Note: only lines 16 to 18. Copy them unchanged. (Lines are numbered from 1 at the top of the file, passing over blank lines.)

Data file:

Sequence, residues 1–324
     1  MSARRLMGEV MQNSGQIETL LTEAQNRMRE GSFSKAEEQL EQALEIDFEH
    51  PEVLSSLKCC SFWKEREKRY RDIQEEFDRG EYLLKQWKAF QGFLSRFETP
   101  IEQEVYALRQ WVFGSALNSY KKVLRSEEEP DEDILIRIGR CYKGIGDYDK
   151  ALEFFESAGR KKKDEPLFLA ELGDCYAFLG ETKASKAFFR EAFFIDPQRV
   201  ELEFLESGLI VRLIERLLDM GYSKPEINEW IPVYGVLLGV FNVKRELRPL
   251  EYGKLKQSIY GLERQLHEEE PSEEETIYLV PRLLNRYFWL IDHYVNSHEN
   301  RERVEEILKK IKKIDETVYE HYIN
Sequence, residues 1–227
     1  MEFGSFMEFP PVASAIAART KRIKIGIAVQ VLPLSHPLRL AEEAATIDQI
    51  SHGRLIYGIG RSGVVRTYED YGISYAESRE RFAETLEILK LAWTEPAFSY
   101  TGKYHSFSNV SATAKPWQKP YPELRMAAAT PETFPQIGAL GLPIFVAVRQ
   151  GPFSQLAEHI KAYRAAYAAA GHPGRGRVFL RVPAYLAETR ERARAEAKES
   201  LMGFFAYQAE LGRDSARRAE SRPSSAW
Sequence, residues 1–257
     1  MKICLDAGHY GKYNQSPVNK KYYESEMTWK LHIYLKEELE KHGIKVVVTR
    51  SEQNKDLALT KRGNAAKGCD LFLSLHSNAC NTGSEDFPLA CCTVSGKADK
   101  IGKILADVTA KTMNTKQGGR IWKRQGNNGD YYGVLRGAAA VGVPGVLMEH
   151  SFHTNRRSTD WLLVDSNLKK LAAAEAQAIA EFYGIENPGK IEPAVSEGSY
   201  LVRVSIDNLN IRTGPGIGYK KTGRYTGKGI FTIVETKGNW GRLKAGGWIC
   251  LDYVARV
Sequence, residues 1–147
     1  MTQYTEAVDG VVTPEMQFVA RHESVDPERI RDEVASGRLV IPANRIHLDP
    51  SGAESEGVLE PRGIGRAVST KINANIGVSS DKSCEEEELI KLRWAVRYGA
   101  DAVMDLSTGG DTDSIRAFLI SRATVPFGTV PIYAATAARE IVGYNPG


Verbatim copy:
     1  MKICLDAGHY GKYNQSPVNK KYYESEMTWK LHIYLKEELE KHGIKVVVTR
    51  SEQNKDLALT KRGNAAKGCD LFLSLHSNAC NTGSEDFPLA CCTVSGKADK
   101  IGKILADVTA KTMNTKQGGR IWKRQGNNGD YYGVLRGAAA VGVPGVLMEH